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A liquid, such as soapy water, is usually added to lubricate the fibres, and to open up the microscopic scales on strands of wool. Nonwoven textiles are manufactured by the bonding of fibres to make fabric.

TEXTILE TERMS AND DEFINITIONS | Aslib Proceedings | Vol 4, No 2

Bonding may be thermal or mechanical, or adhesives can be used. Bark cloth is made by pounding bark until it is soft and flat. Textiles are often dyed , with fabrics available in almost every colour. The dyeing process often requires several dozen gallons of water for each pound of clothing. Woodblock printing , still used in India and elsewhere today, is the oldest of these dating back to at least CE in China.

Textiles are also sometimes bleached , making the textile pale or white.

Textile terms and definitions

Textiles are sometimes finished by chemical processes to change their characteristics. In the 19th century and early 20th century starching was commonly used to make clothing more resistant to stains and wrinkles.

Eisengarn , meaning "iron yarn" in English, is a light-reflecting, strong material invented in Germany in the 19th century. It is made by soaking cotton threads in a starch and paraffin wax solution.

The threads are then stretched and polished by steel rollers and brushes. The end result of the process is a lustrous, tear-resistant yarn which is extremely hardwearing. Since the s, with advances in technologies such as permanent press process, finishing agents have been used to strengthen fabrics and make them wrinkle free. Textiles receive a range of treatments before they reach the end-user. From formaldehyde finishes to improve crease-resistance to biocidic finishes and from flame retardants to dyeing of many types of fabric, the possibilities are almost endless.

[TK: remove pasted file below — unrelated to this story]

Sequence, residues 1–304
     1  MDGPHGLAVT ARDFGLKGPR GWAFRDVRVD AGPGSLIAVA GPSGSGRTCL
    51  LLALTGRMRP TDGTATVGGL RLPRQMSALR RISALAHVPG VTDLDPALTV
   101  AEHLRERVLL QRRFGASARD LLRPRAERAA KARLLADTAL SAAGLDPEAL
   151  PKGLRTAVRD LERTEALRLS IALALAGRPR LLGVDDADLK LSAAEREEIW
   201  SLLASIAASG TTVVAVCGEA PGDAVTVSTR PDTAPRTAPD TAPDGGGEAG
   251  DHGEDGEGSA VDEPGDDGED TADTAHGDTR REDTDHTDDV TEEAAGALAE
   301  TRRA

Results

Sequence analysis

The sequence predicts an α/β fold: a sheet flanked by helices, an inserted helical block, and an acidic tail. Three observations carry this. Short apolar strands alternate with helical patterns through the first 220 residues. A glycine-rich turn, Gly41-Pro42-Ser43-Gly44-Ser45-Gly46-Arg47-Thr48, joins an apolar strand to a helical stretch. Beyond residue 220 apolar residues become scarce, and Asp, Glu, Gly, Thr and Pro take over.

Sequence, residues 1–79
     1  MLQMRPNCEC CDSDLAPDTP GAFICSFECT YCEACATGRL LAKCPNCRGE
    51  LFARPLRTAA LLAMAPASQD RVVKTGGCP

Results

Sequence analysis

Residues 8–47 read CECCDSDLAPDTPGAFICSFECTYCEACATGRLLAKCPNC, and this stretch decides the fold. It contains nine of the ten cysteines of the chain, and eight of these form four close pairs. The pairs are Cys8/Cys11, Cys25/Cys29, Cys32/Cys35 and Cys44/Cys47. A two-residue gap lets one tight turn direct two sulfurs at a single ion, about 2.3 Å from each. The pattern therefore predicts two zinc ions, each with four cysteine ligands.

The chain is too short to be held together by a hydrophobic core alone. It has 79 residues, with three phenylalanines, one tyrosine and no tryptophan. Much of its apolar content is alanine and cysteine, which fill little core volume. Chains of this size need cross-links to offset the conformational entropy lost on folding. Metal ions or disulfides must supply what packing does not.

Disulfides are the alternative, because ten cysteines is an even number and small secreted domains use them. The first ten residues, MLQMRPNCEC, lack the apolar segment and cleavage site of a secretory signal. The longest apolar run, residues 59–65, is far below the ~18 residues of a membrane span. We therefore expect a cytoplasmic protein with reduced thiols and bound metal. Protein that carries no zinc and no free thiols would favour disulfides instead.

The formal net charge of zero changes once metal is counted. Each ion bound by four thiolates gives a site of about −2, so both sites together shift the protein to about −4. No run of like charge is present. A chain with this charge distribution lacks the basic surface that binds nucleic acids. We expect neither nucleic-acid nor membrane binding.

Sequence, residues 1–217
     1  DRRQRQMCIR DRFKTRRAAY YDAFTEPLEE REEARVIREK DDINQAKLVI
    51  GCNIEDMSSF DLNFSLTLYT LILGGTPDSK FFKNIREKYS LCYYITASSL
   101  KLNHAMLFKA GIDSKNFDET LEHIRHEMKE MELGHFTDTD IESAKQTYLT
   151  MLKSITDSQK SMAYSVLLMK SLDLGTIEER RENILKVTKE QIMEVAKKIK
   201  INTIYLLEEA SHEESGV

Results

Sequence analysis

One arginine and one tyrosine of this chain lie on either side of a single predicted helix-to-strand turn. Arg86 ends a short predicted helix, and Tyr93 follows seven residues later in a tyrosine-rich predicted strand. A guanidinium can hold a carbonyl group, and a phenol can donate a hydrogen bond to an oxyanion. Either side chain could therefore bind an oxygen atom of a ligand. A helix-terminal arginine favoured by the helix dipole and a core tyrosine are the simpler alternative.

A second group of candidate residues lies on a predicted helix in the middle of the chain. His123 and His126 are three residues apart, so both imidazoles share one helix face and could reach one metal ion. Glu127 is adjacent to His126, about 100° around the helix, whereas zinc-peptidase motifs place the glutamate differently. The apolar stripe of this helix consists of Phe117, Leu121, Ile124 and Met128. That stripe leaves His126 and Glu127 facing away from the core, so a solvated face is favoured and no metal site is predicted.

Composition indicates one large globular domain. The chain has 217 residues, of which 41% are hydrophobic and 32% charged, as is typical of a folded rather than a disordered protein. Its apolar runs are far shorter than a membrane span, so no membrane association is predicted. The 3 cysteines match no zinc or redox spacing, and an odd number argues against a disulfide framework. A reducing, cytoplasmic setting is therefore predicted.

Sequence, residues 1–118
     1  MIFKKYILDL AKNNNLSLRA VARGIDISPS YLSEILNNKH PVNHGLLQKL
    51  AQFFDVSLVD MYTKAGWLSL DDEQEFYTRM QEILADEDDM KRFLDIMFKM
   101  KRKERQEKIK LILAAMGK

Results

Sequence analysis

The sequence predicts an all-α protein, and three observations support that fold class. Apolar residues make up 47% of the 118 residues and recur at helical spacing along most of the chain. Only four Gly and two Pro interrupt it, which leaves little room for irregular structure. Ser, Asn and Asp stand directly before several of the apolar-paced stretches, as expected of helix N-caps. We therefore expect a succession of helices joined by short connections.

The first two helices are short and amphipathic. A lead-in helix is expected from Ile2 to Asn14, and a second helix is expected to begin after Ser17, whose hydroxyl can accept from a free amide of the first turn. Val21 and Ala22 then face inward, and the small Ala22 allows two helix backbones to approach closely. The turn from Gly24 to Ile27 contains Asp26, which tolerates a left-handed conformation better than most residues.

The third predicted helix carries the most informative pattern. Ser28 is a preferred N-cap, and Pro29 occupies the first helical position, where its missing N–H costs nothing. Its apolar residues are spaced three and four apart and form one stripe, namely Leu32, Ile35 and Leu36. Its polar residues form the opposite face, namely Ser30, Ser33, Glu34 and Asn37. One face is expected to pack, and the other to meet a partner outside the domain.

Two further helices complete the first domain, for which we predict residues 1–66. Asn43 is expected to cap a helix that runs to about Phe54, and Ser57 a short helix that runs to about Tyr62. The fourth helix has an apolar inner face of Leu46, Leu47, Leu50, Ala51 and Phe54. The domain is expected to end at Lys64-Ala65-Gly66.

However, many of these finishes may also have detrimental effects on the end user. A number of disperse, acid and reactive dyes for example have been shown to be allergenic to sensitive individuals. Although formaldehyde levels in clothing are unlikely to be at levels high enough to cause an allergic reaction, [26] due to the presence of such a chemical, quality control and testing are of utmost importance.

Flame retardants mainly in the brominated form are also of concern where the environment, and their potential toxicity, are concerned. From Wikipedia, the free encyclopedia. Material produced by twining, weaving, felting, knotting, or otherwise processing natural or synthetic fibers.

For other uses, see Fabric disambiguation and Textile disambiguation. Main article: History of clothing and textiles. Main articles: Textile manufacturing and Textile industry. Archived from the original on Retrieved Archived from the original PDF on July 23, Retrieved August 6, The Free Dictionary By Farlex. Online Etymology Dictionary. Wired News.

Archived from the original on February 15, Microfibre—nanowire hybrid structure for energy scavenging". Nature Publishing Group. February 14, A Natural Silk Architecture".

Sense of Nature. Swedish Knits: Classic and Modern Designs in the Scandinavian Tradition. Skyhorse Publishing Inc.

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Email or Customer ID. Forgot password? J ; Textile Institute Manchester, England. Textile Terms and Definitions Committee. Publication date Topics Textile industry , Textile fabrics. Publisher Manchester, [Eng. Textile Institute. Collection inlibrary ; printdisabled ; internetarchivebooks ; china. Contributor Internet Archive. Language English. Bookplateleaf Boxid IA City Manchester, [Eng. Donor friendsofthesanfranciscopubliclibrary.